AutomationML (AML) is an emerging standard in the automation domain to represent and exchange artifacts between heterogeneous engineering tools used in different disciplines, such as mechanical and electrical engineering.
The Systems Modeling Language (SysML) is a modeling standard influenced by software modeling languages, like UML, typically adopted in the early phases of the engineering process from requirements specification to architecture modeling.
We investigate the commonalities and differences concerning the structural modeling parts of AML and SysML in support of establishing tool-independent interoperability between early system modeling phases based on SysML and discipline-specific design phases based on
This support for cross-disciplinary modeling is facilitated by a bridge between AML and SysML built on model-driven interoperability techniques.
Framework and Methodology
We provide a cross-disciplinary integration chain for AML and SysML based on model-driven interoperability techniques (metamodeling, UML/SysML profiling, model transformations).
The stereotypes of the AML4SysML profile are listed in Table 1 and depicted in Figure 1. It comprises 16 stereotypes and covers almost the whole CAEX_IEC_62424 standard.
The AML stereotypes are grouped in 4 sets, namely, libraries, classes, objects, and relationships. All of the stereotypes extend UML metaclasses from the UML language units Classes (including the metaclasses Package, Generalization, Association, and Dependency) and CompositeStructures (Class, Port, and Connector). These language units are shared also by the SysML standard (UML4SysML).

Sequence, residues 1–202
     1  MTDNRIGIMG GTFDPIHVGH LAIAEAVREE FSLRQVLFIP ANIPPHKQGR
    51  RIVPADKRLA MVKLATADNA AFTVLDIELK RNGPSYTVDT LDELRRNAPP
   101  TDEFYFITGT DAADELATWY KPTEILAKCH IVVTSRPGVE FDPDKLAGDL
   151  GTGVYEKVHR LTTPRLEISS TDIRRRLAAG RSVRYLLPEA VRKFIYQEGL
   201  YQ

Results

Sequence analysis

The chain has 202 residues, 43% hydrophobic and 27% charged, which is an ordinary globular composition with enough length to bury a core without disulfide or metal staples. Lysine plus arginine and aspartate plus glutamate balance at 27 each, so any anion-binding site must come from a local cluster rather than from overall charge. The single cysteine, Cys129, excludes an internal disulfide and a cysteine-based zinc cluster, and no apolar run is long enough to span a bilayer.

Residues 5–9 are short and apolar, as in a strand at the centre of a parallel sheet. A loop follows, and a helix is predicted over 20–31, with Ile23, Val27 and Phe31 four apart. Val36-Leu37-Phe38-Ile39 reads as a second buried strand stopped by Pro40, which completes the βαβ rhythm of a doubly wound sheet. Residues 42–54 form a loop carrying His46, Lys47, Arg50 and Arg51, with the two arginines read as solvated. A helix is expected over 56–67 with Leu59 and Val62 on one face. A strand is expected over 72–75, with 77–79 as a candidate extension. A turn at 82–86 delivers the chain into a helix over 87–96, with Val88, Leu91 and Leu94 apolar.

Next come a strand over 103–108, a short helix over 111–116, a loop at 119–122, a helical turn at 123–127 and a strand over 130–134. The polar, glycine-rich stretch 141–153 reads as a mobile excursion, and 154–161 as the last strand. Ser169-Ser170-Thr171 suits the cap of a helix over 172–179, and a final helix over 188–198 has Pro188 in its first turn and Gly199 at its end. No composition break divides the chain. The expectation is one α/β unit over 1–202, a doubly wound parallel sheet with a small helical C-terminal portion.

AML objects IH and IE and AML classes IC and SUC can be modeled as SysML blocks, which allow to model systems as trees of modular components representing the specification of software, hardware, or human elements on SysML Block Definition and Internal Block Diagrams.
Table 1: Mapping AML with SysML by Profiling.
Our framework offers the following benefits:
– The proposed mapping between AML and SysML aims at promoting a cross-fertilization between these two standards and their communities. Because of the achieved mapping, on the one hand the AML community may benefit from the graphical representation brought by SysML diagrams, from model-based techniques and tools for SysML and UML. On the other hand, the SysML community is able to use extensive AML libraries for modeling production systems, such as the ones defined by the AML standard to mention just a few cross-fertilization possibilities.
– The transition from high-level systems models to domain-specific design models is now enabled. The mapping provides the basis to bridge the gaps in current tool chains which employ both modeling standards. For instance, by mapping SysML models to AML models, engineering tools applied in mechanical and electrical engineering relying on AML as data exchange format may process the system definition captured by SysML models.
– The correspondences used to integrate both languages ensure traceability and propagation of results between the different tools which may be exploited by requirements engineering tools as well.
The IAF of the Otto-v.-Guericke University Magdeburg production system (cf. Figure 1) consists of a set of turntables, conveyors and motors. It is wired,